Author: Kate Jacobs
Country: US (2007)
So here's the thing about The Friday Night Knitting Club - the book was given to me and I essentially had no idea what I was getting myself into. I just knew, when I picked it up from my stack, that I was looking for a fun chick-lit kind of book. In other words, the book version of a sitcom. After reading a couple of chapters in, I realized that I had not turned on a sitcom, but rather a dramedy. So, before I decided to pursue it any further, I hopped online to check out other people's reviews.
It was during this search that I read somewhere that FNKC was referred to as the Steel Magnolias of our time. Having completed the novel, I can see the similarities, but cannot do a fair comparison since I only watched Steel Magnolias (ed. note - is there a Steel Magnolias book?). I will say that the dialogue in FNKC cannot compare to the wit of SM, and lord knows Ouiser is one of a kind (ed. note - I initially spelled it Weaser, and then Weezer like the band. Did you know this was the correct spelling?) Oh, and evidently there will be a Friday Night Knitting Club movie starring, ayup, Julia Roberts.
But back to the book. The story centers around Georgia Walker, a middle-aged woman with a preteen daughter named Dakota. Georgia is also the owner of Walker & Daughter, a quaint little knit shop in NY which hosts itself as the main setting. It is at this shop that the Friday Night Knitting Group is formed. Anita, established Walker advocate and mentor, is the voice of wisdom to Georgia throughout the twists and turns of her life. Then there's KC, a longtime friend/acquaintance who visits the shop while making a drastic career change as well as Lucie and Darwin, who end up befriending one and another due to a run-in where they would both have rather remained anonymous. So where's the drama? Why it's when Georgia gets haunted by her devastating past. In walks Cat, Georgia's long ago best friend who betrayed her right after high school and James, father of Dakota, who walked out of her life as soon as she became pregnant.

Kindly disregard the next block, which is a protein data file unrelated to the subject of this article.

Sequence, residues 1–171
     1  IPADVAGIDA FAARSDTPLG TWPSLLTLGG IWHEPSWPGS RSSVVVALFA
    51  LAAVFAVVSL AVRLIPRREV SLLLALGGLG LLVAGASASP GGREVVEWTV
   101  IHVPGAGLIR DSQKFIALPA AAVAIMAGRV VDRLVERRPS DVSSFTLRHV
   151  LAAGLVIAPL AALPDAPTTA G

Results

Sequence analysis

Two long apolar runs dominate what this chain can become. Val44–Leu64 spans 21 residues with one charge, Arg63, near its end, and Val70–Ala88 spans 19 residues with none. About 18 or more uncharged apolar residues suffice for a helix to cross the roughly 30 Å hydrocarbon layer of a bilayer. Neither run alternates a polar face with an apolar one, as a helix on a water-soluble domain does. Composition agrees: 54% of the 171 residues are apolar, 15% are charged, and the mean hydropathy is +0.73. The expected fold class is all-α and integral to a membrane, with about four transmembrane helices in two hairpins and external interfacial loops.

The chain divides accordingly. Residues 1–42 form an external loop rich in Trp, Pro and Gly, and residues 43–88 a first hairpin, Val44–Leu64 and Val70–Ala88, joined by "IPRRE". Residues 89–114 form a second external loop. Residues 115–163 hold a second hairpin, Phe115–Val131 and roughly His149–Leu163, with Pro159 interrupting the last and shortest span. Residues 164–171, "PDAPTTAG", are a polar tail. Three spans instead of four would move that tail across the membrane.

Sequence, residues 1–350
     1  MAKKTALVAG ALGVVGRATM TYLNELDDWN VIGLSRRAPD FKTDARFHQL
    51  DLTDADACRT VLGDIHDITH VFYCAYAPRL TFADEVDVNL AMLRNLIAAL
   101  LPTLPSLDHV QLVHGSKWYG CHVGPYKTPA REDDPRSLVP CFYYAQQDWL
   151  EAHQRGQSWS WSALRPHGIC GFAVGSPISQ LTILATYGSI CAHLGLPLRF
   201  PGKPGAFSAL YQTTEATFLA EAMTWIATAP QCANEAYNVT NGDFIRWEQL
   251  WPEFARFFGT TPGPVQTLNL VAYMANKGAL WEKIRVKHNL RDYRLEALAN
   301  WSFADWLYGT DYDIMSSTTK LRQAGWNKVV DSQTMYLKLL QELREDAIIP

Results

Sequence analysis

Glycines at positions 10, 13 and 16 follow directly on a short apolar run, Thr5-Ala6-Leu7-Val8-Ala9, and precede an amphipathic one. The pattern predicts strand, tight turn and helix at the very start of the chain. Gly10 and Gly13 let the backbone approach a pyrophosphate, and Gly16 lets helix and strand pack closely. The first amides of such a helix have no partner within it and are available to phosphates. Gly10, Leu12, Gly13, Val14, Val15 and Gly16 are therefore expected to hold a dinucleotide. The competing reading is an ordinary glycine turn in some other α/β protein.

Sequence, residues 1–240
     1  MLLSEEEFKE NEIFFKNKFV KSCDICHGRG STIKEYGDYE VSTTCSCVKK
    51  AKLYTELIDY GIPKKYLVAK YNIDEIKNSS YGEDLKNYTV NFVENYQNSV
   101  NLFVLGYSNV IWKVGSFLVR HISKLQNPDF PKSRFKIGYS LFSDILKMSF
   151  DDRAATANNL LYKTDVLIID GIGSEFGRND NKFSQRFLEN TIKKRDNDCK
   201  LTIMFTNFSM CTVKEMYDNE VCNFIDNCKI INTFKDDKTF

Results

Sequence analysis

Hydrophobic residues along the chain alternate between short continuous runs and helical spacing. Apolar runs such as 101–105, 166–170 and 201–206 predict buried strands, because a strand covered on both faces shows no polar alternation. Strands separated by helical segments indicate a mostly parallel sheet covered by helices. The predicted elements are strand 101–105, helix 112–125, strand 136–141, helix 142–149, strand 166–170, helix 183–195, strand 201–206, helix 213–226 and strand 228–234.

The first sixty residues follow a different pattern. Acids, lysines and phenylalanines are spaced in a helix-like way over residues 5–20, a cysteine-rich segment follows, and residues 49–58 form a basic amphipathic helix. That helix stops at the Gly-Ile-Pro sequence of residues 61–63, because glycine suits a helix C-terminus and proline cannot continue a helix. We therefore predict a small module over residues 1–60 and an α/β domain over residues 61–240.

The book is pretty believable and as a bonus, some useful "real life" words of wisdom is interspersed within the pages. One of my favorites came from Gran, Georgia's Scottish grandmother, who says:
"Stress is not about the situation, my dear, it's about the person. There's some who can handle it and there's some who can't."
FNKC is definitely about friendship and perseverance. It's about hope for the future and forgiveness of the past. The characters didn't always seem three-dimensional, but the issues made up for it.
At this point I'm not quite sure if I'll read Knit Two. I'm partly curious to see how Dakota has come along (evidently she's 18 in the sequel). Has anyone read either?
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